uploads/2016/03/part-731.jpg

Why Stanley Security Changed Gears

By

Updated

Business model

Stanley Black & Decker (SWK) sold products and services under mechanical access solutions (or MAS) directly to consumers until 2013 when it opted for a shift in business model. The company now sells to distributors who bring products to the market through various channels like retailers and home depots. The shift in its business model had a substantial contribution to the sales decline in 2014. However, by 2015, the company had reverted to peer level growth and has currently established a trusted distribution network.

For the convergent security solutions (or CSS) business, the company predominantly adopts a direct sales strategy. Most CSS customers such as banks, healthcare, and educational institutions are commercial. Therefore, it’s best to deal with them on a direct basis.

Article continues below advertisement

Recurring revenues

The company follows a model of installed base plus service contracts for revenue generation. Sales in the segment include attractive service and monitoring contracts that offer a recurring revenue stream. A third of security solutions sales come from these contracts. Among end markets, banking (IYF) customers such as Wells Fargo (WFC) prefer an in-house system for monitoring. Customers in other end markets such as retail (XRT) are more likely to hire a provider like Stanley due to headcount requirements and challenges in developing a comparable systems expertise.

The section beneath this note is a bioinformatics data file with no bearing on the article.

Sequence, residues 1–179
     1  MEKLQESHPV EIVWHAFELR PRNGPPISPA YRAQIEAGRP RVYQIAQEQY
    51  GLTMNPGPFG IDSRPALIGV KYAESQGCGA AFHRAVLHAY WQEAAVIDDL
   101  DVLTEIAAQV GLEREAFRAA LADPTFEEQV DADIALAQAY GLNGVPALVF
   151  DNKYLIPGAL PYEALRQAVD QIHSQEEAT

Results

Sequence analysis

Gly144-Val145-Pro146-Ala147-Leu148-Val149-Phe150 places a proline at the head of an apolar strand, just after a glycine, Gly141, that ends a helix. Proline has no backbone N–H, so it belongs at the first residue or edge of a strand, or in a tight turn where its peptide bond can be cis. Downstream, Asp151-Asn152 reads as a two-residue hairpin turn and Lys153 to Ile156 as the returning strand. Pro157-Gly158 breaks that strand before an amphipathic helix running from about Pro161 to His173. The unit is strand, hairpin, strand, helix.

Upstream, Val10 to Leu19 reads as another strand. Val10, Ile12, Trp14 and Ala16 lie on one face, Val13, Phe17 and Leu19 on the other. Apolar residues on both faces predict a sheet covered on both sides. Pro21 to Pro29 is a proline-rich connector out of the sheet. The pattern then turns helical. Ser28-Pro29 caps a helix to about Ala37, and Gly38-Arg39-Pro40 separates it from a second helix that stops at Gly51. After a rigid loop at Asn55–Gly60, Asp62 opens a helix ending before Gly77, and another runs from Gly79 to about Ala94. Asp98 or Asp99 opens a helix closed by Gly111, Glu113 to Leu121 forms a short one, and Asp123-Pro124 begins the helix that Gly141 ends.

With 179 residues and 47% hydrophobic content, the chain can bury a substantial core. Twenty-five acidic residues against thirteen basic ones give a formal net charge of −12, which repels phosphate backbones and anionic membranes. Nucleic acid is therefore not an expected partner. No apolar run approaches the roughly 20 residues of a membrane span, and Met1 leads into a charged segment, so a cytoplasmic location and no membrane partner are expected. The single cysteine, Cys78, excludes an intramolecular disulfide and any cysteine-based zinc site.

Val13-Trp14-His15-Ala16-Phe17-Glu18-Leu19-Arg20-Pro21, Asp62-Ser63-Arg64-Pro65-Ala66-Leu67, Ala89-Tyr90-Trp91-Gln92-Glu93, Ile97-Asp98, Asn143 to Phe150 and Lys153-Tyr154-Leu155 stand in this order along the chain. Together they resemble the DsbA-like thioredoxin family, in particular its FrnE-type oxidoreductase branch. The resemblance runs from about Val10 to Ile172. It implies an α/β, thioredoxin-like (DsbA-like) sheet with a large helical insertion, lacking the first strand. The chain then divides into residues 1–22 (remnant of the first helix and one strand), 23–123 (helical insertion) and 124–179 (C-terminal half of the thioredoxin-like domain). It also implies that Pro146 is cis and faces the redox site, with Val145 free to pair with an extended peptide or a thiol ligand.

Stanley Security margins

Profit margins in Stanley Security increased from 10.2% in 2013 to 11.4% in 2015. Among major competitors, Tyco International (TYC) increased margins from 7% in 2013 to 8.9% in 2015. Operating margins for Assa Abloy (ASAZY) were 16.3% in 2014 as well as 2015. Assa Abloy is the global leader in door opening solutions and mechanical locks but has a negligible presence in the electronic security market.

Advertisement

More From Market Realist